• Your Elasticsearch cluster is currently in red health status. If your cluster is in red health status, troubleshoot your red cluster status and bring it back to a healthy state before making a configuration change.
  • Nodes are out of service because of a heavy processing load caused by high JVM memory pressure and CPU usage. To resolve this issue, reduce your network traffic to the cluster or stop the network traffic entirely, bringing the cluster back to a healthy state. Otherwise, your blue/green deployment process might time out, requiring manual intervention.
  • Because of internal hardware failures, the shards on old data nodes can get stuck during a migration. If you're experiencing an internal hardware failure, replace the nodes from the faulty hardware. The loss of root volume on your data nodes can prevent Amazon ES from responding, and an Auto Scaling group then automatically replaces the nodes. If the attached EBS volume for a node goes down, manual intervention is required to replace the EBS volume. To replace the EBS volume, replace the entire node itself. To help identify which shards are still operating from an older set of nodes, use the following API commands: cat allocation API, cat nodes API, or cat shards API.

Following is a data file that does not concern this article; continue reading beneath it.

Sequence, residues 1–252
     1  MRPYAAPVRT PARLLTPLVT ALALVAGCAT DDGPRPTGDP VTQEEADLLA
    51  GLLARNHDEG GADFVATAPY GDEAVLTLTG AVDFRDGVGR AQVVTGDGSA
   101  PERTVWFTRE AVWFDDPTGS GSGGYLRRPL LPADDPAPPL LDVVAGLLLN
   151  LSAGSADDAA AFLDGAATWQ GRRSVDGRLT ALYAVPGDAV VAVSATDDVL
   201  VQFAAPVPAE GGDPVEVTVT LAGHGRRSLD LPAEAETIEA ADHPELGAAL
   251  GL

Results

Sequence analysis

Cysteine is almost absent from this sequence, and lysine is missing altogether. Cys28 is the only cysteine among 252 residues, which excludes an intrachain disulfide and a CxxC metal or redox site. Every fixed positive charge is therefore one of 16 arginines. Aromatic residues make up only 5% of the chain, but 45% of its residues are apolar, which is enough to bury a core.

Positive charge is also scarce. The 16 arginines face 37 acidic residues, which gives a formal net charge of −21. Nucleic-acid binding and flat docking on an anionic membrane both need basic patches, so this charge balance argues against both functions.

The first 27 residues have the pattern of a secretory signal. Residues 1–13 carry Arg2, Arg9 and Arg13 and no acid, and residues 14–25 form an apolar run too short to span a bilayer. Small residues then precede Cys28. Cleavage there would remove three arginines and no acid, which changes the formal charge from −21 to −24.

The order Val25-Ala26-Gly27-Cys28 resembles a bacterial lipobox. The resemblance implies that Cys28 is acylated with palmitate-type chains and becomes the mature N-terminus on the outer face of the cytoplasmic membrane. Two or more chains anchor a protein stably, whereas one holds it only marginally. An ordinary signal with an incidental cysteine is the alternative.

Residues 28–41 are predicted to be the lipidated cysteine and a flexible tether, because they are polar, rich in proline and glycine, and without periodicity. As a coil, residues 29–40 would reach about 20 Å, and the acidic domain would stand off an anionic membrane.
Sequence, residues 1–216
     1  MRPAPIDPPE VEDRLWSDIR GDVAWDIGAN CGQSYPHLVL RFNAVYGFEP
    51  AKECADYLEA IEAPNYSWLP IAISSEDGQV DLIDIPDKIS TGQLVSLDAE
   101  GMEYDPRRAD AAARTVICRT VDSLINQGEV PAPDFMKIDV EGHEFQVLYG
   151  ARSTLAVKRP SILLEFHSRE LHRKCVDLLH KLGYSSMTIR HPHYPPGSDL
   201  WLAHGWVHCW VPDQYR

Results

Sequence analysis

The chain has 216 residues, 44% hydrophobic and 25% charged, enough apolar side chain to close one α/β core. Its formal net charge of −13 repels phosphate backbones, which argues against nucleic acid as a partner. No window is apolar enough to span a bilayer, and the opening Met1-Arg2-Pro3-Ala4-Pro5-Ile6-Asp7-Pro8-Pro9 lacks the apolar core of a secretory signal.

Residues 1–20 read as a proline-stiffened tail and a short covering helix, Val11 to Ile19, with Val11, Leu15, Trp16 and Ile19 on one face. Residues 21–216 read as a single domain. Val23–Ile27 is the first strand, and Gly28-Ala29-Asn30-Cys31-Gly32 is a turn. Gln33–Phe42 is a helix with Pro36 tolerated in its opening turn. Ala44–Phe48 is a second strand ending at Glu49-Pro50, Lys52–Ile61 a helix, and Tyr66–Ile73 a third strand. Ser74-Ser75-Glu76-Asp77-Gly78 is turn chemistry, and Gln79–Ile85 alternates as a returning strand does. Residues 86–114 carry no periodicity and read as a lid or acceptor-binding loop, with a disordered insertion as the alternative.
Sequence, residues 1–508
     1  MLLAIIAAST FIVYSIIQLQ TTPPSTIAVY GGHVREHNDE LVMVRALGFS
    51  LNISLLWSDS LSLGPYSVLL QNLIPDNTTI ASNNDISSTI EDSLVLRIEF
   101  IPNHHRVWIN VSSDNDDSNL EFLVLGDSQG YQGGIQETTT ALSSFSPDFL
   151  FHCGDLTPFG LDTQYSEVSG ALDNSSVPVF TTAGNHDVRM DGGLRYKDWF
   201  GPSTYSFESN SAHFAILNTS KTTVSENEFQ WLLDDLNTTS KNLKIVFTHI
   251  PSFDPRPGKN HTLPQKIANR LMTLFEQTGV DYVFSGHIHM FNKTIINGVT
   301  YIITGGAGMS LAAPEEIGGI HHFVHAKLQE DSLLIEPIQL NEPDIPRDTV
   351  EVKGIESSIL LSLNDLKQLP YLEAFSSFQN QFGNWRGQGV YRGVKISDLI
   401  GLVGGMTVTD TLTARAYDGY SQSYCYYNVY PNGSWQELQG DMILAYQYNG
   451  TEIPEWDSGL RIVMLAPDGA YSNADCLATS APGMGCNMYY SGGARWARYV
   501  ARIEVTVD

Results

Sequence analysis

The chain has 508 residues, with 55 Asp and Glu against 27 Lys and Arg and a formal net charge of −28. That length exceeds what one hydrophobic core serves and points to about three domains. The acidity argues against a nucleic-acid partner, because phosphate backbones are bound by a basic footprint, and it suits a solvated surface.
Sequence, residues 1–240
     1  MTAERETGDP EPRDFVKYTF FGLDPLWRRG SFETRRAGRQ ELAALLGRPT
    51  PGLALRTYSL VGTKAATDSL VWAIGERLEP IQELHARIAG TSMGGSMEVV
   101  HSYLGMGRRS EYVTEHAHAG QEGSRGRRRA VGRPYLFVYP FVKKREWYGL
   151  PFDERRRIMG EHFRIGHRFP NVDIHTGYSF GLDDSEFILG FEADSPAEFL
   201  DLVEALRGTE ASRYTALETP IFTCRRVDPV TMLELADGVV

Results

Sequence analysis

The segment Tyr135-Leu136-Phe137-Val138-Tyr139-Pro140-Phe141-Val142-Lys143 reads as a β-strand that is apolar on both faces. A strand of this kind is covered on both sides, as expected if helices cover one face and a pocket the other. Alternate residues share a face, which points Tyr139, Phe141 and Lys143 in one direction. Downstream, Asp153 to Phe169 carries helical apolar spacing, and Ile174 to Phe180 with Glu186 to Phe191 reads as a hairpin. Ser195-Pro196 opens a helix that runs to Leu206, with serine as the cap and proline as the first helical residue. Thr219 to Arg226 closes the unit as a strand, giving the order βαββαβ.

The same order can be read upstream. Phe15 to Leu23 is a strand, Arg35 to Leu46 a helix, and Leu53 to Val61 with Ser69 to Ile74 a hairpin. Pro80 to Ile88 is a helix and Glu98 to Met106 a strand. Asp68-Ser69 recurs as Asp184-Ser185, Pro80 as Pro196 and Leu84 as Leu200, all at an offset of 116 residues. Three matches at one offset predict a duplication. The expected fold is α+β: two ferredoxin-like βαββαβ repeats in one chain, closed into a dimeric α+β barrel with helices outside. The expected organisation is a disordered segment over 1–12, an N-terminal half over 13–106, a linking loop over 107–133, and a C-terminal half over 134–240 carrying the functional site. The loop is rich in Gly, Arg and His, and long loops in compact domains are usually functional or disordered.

• A stuck shard relocation caused by insufficient free storage in the new set of nodes. This issue occurs when there is new data coming into the cluster during a blue/green deployment process.
    Note: A blue/green deployment isn't triggered if Amazon ES detects less space than is required for a successful data migration.
  • A stuck shard relocation caused by shards that are pinned to an older set of nodes. To make sure shards aren't pinned to any nodes before a configuration change is made, check the index setting. Or, check to see if your cluster has a write block that is caused by high JVM memory pressure or low disk space.

To identify which index shards are stuck and the corresponding index settings, use the following commands:

curl -X GET "ENDPOINT/_cluster/allocation/explain?pretty"
curl -X GET "ENDPOINT/INDEX_NAME/_settings?pretty"

In your index settings, check to see if either of these settings appear:

{
    "index.routing.allocation.require._name": "NODE_NAME" (OR)
    "index.blocks.write": true
    }

If you observe "index.routing.allocation.require._name": "NODE_NAME" in your index settings, remove the setting like this:

curl -X PUT "ENDPOINT/INDEX_NAME/_settings?pretty" H 'Content-Type: application/json' -d '
{
"index.routing.allocation.require._name": null
}'

For more information, see Index-level shard allocation filtering on the Elasticsearch website.

If you observe "index.blocks.write": true in your index settings, then your cluster has a write block. The write block is likely caused by high JVM memory pressure or low disk space. Make sure to address these issues before implementing any other troubleshooting tips. For more information about troubleshooting this exception, see ClusterBlockException.

Note: If your cluster is stuck in the "Processing" state for more than 24 hours, your cluster needs manual intervention. Also, if you haven't made any configuration changes but the node count is higher than expected, a software patch might be in progress.